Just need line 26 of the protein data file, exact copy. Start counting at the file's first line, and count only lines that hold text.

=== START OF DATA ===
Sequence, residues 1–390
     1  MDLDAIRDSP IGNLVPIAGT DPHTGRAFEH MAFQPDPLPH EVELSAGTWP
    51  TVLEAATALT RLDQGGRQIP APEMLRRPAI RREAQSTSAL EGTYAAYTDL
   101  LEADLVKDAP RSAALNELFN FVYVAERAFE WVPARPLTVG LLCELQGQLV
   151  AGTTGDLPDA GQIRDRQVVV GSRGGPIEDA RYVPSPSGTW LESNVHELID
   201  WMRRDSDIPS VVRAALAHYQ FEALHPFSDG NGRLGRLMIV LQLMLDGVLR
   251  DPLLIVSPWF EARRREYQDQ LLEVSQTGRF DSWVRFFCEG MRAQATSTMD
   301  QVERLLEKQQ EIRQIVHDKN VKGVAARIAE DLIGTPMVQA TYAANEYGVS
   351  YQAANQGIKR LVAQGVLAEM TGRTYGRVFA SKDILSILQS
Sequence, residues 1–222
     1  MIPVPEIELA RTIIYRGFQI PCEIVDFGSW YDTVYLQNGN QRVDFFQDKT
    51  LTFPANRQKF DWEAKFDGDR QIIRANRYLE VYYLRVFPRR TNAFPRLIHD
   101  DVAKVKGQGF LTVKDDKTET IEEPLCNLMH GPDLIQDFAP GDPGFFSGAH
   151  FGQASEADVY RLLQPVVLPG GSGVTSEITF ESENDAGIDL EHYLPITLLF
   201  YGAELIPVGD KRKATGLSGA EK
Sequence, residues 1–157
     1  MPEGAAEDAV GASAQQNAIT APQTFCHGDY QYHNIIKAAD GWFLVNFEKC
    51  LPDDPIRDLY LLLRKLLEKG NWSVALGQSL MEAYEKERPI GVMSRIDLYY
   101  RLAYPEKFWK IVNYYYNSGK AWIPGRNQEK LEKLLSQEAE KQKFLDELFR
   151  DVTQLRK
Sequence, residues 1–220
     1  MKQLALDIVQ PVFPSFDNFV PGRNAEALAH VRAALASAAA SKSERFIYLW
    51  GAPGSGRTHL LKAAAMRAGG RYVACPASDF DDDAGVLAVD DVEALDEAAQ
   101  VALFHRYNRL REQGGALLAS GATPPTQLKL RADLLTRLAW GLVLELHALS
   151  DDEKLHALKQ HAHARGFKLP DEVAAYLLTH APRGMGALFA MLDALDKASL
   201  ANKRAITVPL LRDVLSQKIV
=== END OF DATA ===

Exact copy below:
   201  ANKRAITVPL LRDVLSQKIV